This was a quick week (4 days only), with a great introduction to the sterile room. At BCCH the sterile room is responsible for:
- Making and checking CIVA orders and CIVA products
- Writing, making and checking TPN orders
- Preparing and checking chemo orders, chemo products and accurately ordering chemo.
- Preparing infliximab/rituximab orders and checking the final product
I was fortunate to be trained by several pharmacist, which was great as it allowed me to learn how each one does a particular task and see the process from a variety of perspectives. This was especially helpful when we were taught TPN as the math and the intricacies behind it can be complex, and learning it several ways was beneficial to solidify the thought processes behind it.
I was also fortunate to shadow a few of the sterile room technicians, and even scrub up. This really provided me with an appreciation for how much work a single CIVA order might entail. And really puts into perspective that step-down to PO is beneficial beyond just for the patient, but also in terms of workflow and workload!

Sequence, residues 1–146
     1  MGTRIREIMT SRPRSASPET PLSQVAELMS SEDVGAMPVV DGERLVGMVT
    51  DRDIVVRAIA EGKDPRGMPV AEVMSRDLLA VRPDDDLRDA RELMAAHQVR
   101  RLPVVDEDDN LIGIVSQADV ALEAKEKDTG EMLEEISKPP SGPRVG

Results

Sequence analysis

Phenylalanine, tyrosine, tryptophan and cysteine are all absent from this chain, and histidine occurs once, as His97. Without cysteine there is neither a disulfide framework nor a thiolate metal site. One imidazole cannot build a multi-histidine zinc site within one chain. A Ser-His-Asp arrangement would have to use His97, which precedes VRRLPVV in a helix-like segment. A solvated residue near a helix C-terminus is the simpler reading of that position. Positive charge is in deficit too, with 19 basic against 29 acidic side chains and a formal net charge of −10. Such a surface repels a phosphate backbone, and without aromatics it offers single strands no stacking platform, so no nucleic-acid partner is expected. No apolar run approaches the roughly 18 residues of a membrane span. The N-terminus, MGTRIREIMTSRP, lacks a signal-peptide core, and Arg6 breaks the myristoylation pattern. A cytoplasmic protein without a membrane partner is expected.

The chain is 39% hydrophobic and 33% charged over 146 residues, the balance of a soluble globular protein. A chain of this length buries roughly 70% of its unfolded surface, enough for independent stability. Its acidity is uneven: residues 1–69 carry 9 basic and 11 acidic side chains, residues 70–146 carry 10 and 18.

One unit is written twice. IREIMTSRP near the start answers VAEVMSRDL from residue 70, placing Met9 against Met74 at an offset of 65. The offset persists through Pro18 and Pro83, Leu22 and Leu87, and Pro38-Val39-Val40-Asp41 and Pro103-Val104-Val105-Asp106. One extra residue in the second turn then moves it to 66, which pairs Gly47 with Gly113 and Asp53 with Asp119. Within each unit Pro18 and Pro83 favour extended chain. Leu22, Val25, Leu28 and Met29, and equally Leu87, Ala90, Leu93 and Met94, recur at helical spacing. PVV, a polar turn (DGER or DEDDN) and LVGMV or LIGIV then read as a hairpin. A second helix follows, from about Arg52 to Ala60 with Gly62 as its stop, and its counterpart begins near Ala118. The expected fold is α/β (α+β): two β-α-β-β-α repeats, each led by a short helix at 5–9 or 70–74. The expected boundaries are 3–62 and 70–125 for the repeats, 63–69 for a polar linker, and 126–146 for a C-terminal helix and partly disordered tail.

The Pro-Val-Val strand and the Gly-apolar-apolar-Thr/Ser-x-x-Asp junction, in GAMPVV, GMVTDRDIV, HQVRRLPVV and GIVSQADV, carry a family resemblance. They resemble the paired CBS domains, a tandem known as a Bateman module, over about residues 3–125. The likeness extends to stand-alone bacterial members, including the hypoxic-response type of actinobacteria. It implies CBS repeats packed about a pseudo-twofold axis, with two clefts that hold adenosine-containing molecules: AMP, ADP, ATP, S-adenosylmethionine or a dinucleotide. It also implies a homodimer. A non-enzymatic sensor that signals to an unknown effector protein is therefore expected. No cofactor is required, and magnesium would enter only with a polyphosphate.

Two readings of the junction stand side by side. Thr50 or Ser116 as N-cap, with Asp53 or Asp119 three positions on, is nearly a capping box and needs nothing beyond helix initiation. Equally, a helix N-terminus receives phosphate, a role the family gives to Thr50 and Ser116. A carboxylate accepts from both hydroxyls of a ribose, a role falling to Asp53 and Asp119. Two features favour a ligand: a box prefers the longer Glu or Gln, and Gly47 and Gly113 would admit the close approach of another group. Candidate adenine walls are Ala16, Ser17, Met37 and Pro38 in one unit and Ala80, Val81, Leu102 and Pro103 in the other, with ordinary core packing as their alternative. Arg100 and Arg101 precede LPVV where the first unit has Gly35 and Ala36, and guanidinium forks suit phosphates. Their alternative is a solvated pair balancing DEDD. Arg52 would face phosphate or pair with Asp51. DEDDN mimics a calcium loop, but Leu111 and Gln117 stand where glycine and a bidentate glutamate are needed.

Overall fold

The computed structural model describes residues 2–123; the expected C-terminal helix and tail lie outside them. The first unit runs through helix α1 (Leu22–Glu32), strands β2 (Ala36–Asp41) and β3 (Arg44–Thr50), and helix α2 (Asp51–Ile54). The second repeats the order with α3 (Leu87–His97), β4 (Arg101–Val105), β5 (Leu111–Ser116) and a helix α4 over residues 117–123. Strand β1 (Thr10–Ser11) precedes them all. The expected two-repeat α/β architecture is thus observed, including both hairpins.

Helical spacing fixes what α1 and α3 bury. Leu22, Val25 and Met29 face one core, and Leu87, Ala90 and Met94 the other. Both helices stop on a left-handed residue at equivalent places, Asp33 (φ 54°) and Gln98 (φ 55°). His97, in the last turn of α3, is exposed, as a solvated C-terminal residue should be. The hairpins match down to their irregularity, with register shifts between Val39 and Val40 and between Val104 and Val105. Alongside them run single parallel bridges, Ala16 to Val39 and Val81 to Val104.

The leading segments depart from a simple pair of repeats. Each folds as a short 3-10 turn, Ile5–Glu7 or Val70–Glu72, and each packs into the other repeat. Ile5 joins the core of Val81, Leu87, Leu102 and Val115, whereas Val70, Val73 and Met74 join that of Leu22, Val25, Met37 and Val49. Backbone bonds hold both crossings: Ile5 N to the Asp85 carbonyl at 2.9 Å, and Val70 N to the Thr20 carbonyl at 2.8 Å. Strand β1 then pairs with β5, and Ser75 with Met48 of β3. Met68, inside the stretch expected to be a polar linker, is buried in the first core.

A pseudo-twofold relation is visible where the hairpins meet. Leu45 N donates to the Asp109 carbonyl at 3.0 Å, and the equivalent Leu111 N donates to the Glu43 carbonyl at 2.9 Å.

Below are the tidbits I learned during my sterile room rotation:
- For chemo orders it is best to follow the road map on the protocol (to find the protocol go to the team site under onc studies under one of the left headers [e.g. 6, 7a, or 7b])
- For infliximab orders: check the core bag (serial # from abacis should match the bag serial #), total vol’ needed matches, expiry is good; check the volume of the syringe to match (there are more detailed instructions on the infliximab manufacturing sheet)
- Can tube chemo orders <100 mL, and CIVA <1 L. NEVER tube biologics (e.g. rituximab) or proteins (e.g. asparaginase)
- For TPN orders: see the attached doc (so many tidbits to know!) tpn-how-to